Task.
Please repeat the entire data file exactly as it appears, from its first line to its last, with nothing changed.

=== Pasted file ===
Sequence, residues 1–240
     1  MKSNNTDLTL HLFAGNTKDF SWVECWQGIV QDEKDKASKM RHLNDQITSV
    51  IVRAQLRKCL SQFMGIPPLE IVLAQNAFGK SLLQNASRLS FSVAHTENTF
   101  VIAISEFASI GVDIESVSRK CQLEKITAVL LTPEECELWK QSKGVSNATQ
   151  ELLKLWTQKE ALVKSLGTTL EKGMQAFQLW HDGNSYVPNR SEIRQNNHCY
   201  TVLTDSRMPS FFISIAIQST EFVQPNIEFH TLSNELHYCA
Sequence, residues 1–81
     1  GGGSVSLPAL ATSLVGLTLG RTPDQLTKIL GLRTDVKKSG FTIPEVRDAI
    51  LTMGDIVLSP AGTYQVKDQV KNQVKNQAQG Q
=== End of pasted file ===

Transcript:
Sequence, residues 1–240
     1  MKSNNTDLTL HLFAGNTKDF SWVECWQGIV QDEKDKASKM RHLNDQITSV
    51  IVRAQLRKCL SQFMGIPPLE IVLAQNAFGK SLLQNASRLS FSVAHTENTF
   101  VIAISEFASI GVDIESVSRK CQLEKITAVL LTPEECELWK QSKGVSNATQ
   151  ELLKLWTQKE ALVKSLGTTL EKGMQAFQLW HDGNSYVPNR SEIRQNNHCY
   201  TVLTDSRMPS FFISIAIQST EFVQPNIEFH TLSNELHYCA
Sequence, residues 1–81
     1  GGGSVSLPAL ATSLVGLTLG RTPDQLTKIL GLRTDVKKSG FTIPEVRDAI
    51  LTMGDIVLSP AGTYQVKDQV KNQVKNQAQG Q